It does not feel like you need to force yourself into going somewhere, it just happens naturally. It’s natural, easy and makes sense. Before that I would just try to switch my thinking off, or think of something else, and it would just not produce any of the results I wanted!
Has practicing TM changed the way you perceive the world in any way you can pinpoint?
It definitely enhanced my experience and my focus: knowing what drives me and knowing how to get there. And trusting it. I feel like when you are connected to that silence and when you experience that – sometimes I call it nothingness, which is kind of everythingness – when you have that, it enhances your intuition, without any real conscious planning done, about how to get to your desired place.
My focus and my trust in my inner core instinct and strength: those two are definitely the two big ones that TM has contributed to.
And just that whole feeling… I think it was for the first time while doing the practice that I experienced the feeling of nothingness. By definition almost, you don’t reflect on that during that specific moment, but a second later you feel puzzled: ‘What was that?! I have never felt nothing before!’ (laughs)
” Your brain is made to think, it’s easier to stop a truck than to stop your brain. “
That, I think, is extremely powerful as a feeling —this peace of nothingness, which connects you to everythingness. Again, there are the two polarities: darkness and light, love and fear, everything and nothing. You experience that through TM.
How do you manage to fit the 2x 20 minutes of meditation into your hectic schedule? In your work you must depend on so many other people whether in a record studio or a movie set.
I think it’s actually easier that my schedule is not so linear. I see that I don’t have 20 minutes here, but I’m going to have it there. I’ve never really had an issue with finding the time.
Of course, it was pretty cool when we shot “Mysteries of Love” in Fairfield. Everybody knew that everybody had to take time to meditate! I’d never experienced this before on a production set.
Working with a whole group of meditators was just so different. There was a common understanding and a level of deep enjoyment and focus and trust, which was kind of unmatched before.
Going back to the beginning: Was choosing a career in music and film industry a conscious choice for you? How did you come to it?
As a young kid in Greece, I was doing music and performing in theater and television. I was three or four when I started playing the piano. All throughout elementary school I thought I was going to be a pianist.
Then, around when I was 13, I completely rebelled against what I had been doing so far. I said, ‘I hate the piano! I hate ballet! I hate theater! I want to play the drums and I don’t want to have anything to do with this anymore!’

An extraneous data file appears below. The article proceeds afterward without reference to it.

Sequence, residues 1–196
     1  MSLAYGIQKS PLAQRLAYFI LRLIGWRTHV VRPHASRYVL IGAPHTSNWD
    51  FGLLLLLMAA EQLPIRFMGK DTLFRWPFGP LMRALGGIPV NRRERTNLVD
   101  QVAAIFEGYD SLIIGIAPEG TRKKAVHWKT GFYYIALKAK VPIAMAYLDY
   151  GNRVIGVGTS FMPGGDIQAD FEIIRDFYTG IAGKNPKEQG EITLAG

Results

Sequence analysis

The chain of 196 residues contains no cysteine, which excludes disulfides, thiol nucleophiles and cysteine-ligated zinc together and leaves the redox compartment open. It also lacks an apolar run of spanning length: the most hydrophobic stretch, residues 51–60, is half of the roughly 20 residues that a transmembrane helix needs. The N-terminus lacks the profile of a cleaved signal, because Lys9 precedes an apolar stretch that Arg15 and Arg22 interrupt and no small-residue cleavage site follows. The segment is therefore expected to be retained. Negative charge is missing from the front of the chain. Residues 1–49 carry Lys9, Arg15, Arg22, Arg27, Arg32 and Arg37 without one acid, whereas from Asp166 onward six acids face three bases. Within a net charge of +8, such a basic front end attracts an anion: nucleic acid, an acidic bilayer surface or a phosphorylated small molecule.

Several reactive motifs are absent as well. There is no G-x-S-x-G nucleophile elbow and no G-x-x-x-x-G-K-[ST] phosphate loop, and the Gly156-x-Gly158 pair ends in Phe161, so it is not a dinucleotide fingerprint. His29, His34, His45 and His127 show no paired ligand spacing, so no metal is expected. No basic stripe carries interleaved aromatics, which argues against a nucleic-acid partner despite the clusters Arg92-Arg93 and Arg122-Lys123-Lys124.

So, my brother taught me to play the drums. I thought all these girly things like French lessons, piano, ballet — they were to be completely eradicated from my life.
Yet I came back to them during my first year of college in London. I studied film in Guildhall and with a new mind, appreciation and hunger to learn it, I realized that although not knowing exactly how it was going to be, I just wanted to be part of it.
In general, in my life, when something draws me in, I don’t know how I want to be involved, but I just know I have to be there. And I follow that intuition, and it kind of leads the way.
So I started watching a lot of films again and thinking of doing acting again. Moving to the States, I did my Masters in Theater in San Francisco. I got involved in performance, started doing piano and even ballet again, believe it or not! (laughs)
I always say that the stuff we love as kids, there is such wisdom in it because it is unbiased. What you love when you are a kid is so true to your core, because all the voices around you are not as loud. You just hear what’s inside.
So I always aspire to go back to that. It’s not easy but I know it holds a key to the truth of our core.
So you play the piano and the drums?
And I play the bass as well. It’s one of my favorite instruments because I feel it’s the spine in any music. It blends together the rhythm and the melody. It’s also what you hear the most from afar and you don’t hear it that much from up close. It’s such a magical instrument and I felt I simply had to learn the mystery of the bass.
And once you started writing you own music you were also “forced” to start singing, right?
I really did not feel I wanted to sing. I thought playing music was more fun. But when I moved to L.A. and started writing my own stuff, I felt that since there was no one around who could perform it the way I had it in my head, well, I just had no other option but to do it myself! People were responding to it in a certain way and I was like, ‘You know what, maybe it does not sound so bad, maybe I can just do it myself!’ So, I started singing out of necessity and then I actually started liking it.
” What you love when you are a kid is so true to your core, because all the voices around you are not as loud. You just hear what’s inside. “
Your album 1888 came out in December. What is up next on your agenda for the coming months?
This summer I’m going to Greece for three months, recording more music over there and a new video, possibly in Russia. I’m releasing a new album of re-mixes of 1888 a couple of weeks from now. There are a couple of movies that are doing really well in festivals and a potential new movie in Greece. So I’m exploring all these different avenues, as always!
Thank you, Elena, for this inspiring interview!